Over the centuries new influencers shaped medical thinking by writing theories, conducting experiments and giving their own understanding of what the disorder could mean (Fountoulakis, 2014). Jean-Pierre Falret in 1851 defined bipolar disorder as an illness with its current name (Fountoulakis 2014, p.11). This lead to research and findings of bipolar disorder (Fountoulakis 2014, p.21) which then became the process medical doctors learned over the years. The study of medicine is hence considered efficacious because it is based on facts and science collected throughout history thus giving it authority in explaining what works and does not for bipolar disorder.
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In many American Indian groups, hearing voices of the dead is considered normal whereas in other societies spirits possess bodies (Kleinman & Good 1985, p.3). This demonstrates the ‘normal’ in one place may be ‘abnormal’ in another which doctor’s must understand. Therefore, doctors need to look into not only the illness but also the socio-cultural context and other factors including race, finance, etc. of the patient. For example, the Syphilis study continues to instil fear in black Americans with them refusing to get injected, in case of a genocide (Gamble 1997, p.1773). This also means doctors may not be considered as health practitioners in different cultures due to differing beliefs and values thus giving no authority to doctors as their work is considered ineffective. India for example, has diverse cultures and religions playing a huge role on everyday lives including illnesses and treatment (Subudhi 2014, p.132).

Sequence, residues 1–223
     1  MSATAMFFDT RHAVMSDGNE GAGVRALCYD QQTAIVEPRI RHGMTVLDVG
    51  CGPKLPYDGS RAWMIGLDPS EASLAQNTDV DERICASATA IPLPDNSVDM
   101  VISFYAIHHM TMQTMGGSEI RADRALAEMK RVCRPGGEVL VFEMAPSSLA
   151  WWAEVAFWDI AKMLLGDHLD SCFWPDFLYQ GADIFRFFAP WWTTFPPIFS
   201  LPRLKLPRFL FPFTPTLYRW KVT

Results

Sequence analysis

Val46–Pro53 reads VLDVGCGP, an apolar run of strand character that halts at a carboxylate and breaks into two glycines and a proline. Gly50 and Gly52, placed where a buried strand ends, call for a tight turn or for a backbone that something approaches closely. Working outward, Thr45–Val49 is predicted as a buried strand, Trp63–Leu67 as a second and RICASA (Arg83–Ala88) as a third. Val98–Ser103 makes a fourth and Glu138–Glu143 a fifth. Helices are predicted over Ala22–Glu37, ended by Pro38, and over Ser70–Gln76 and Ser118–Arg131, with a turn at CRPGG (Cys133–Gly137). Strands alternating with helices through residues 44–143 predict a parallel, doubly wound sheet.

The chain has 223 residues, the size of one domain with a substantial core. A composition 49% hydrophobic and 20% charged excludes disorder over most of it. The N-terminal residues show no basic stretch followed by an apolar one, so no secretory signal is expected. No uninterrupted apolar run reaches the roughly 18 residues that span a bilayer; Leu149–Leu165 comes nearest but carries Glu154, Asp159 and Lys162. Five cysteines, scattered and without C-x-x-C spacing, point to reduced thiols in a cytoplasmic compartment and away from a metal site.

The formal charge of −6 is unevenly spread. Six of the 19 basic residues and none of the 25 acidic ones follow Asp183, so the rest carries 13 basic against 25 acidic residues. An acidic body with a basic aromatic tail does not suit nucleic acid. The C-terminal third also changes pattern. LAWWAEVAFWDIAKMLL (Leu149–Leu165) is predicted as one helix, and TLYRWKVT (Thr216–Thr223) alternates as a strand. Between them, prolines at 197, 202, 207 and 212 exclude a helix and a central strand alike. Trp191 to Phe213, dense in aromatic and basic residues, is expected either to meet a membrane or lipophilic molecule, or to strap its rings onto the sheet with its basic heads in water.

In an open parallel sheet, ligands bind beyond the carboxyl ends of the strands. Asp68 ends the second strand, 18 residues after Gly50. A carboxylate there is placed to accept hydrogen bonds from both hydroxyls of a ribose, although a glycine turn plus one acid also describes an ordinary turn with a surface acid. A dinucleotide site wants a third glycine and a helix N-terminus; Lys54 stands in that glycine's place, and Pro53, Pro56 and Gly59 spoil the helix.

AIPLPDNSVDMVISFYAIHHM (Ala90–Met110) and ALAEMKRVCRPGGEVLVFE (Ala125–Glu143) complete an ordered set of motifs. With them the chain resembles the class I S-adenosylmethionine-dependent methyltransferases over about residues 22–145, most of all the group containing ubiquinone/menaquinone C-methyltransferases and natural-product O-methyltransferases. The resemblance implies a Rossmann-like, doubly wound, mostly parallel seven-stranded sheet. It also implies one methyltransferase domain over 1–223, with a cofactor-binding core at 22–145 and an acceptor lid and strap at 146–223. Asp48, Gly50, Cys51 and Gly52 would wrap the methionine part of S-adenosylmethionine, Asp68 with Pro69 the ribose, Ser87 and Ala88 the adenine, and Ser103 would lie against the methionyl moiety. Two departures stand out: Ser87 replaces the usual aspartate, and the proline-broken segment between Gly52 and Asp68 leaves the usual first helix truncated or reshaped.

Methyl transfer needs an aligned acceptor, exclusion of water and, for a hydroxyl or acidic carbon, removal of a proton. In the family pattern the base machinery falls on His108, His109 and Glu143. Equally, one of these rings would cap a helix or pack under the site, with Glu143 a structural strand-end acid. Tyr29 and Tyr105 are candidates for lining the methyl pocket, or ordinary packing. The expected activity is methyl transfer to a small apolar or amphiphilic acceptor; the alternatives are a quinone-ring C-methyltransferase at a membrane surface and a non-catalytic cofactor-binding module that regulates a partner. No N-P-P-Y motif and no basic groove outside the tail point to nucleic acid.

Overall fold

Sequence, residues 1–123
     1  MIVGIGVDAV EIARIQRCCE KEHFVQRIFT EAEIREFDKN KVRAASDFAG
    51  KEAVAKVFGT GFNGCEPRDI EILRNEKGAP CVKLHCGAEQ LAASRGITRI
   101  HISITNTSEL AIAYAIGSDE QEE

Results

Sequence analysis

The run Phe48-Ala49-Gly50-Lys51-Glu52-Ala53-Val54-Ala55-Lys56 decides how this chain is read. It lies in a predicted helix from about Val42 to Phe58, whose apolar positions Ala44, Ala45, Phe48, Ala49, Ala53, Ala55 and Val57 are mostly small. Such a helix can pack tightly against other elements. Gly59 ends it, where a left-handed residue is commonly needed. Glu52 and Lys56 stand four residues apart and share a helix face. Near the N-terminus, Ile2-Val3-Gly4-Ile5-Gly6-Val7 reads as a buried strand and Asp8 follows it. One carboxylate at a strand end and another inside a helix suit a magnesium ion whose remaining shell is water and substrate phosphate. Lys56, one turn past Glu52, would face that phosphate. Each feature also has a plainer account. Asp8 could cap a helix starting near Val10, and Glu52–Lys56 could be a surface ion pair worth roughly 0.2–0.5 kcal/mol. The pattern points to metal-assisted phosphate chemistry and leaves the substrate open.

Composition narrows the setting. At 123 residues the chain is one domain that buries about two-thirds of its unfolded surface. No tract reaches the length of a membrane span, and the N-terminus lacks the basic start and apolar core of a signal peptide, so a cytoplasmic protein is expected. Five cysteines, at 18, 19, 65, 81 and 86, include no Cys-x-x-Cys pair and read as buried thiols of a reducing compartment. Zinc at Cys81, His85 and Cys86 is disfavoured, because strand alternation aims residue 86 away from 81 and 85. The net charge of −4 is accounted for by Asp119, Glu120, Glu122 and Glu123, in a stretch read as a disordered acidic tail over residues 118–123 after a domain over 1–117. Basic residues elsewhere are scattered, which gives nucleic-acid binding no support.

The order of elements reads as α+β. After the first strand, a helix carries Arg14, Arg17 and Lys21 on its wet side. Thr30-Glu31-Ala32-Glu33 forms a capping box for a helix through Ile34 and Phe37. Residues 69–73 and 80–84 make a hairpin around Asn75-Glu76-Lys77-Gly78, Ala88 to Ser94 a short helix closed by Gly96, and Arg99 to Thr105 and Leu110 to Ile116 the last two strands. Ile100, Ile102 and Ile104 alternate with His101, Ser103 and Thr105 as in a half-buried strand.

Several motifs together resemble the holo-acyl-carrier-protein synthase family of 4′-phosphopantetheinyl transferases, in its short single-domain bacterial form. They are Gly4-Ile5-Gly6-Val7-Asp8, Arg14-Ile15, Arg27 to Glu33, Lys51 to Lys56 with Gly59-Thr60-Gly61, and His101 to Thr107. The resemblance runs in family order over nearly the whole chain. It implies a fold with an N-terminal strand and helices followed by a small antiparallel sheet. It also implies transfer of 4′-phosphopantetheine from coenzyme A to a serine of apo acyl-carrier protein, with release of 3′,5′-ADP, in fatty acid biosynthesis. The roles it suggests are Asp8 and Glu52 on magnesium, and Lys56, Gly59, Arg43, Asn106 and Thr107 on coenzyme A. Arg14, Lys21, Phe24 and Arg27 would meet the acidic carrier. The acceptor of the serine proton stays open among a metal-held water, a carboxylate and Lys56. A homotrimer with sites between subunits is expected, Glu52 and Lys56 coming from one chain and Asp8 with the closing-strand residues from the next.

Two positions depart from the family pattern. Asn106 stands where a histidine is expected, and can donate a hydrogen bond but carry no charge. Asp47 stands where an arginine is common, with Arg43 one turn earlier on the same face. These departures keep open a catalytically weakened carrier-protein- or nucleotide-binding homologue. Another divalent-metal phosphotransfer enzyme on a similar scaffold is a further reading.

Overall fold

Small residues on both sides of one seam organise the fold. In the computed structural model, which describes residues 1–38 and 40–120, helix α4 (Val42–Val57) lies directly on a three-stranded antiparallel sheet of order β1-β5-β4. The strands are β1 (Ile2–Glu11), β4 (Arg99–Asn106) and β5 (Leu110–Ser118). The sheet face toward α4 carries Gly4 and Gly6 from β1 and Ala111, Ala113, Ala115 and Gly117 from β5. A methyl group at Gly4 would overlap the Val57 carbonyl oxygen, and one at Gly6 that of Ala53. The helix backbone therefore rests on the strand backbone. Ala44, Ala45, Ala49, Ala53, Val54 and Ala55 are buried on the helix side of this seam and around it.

Behavioural changes that are out of the ‘norm’ are considered as mental illnesses where in cultures and religions, they are interpreted differently (Subudhi 2014, p.133). For Muslims, mental illness is being possessed by a jinn (devil) as for Hindus, it is by a goddess indicating that culture and mental illness cannot be isolated (Subudhi 2014, pp.133,135). However, time and place can also influence one’s understandings of mental health and its treatment (Subudhi 2014, p.135). For example, when living abroad many people follow their religion and a doctor’s advice. Subudhi hence says ‘people follow both traditional with biomedical healing systems in parallel’, (2014, p.137). In ancient times, mental illnesses were the result of supernatural influence which affected minds (Wanger, cited in Subudhi 2014, p.137). This concept still exists. Srivastavas (2002) explains three distinctive theories for the reason of mental illness. In his supernatural theory, he states ‘the possession of a soul causes a change in the psychology of a person.’ With this, people will approach non-medical healers to remove the evil spirits (cited in Subudhi 2014, p.136). The roles of these healers, shamans, priests and mullahs in culture and society hence is of being health practitioners and so a doctor is actually a non-medical doctor to them. These healers get their knowledge from their religion, traditions and culture making their work for their patients authentic. People go to both medical and other health practitioners because they see results otherwise there would be no reason to go back. Other issues faced by doctors is that many do not want to be shunned out by society nor looked down upon. Many people do not seek medical attention for mental illness ‘as it is considered a shame, taboo or stigma’ as Subudhi states (2014, p.138). This is how society and culture plays a role on doctors.
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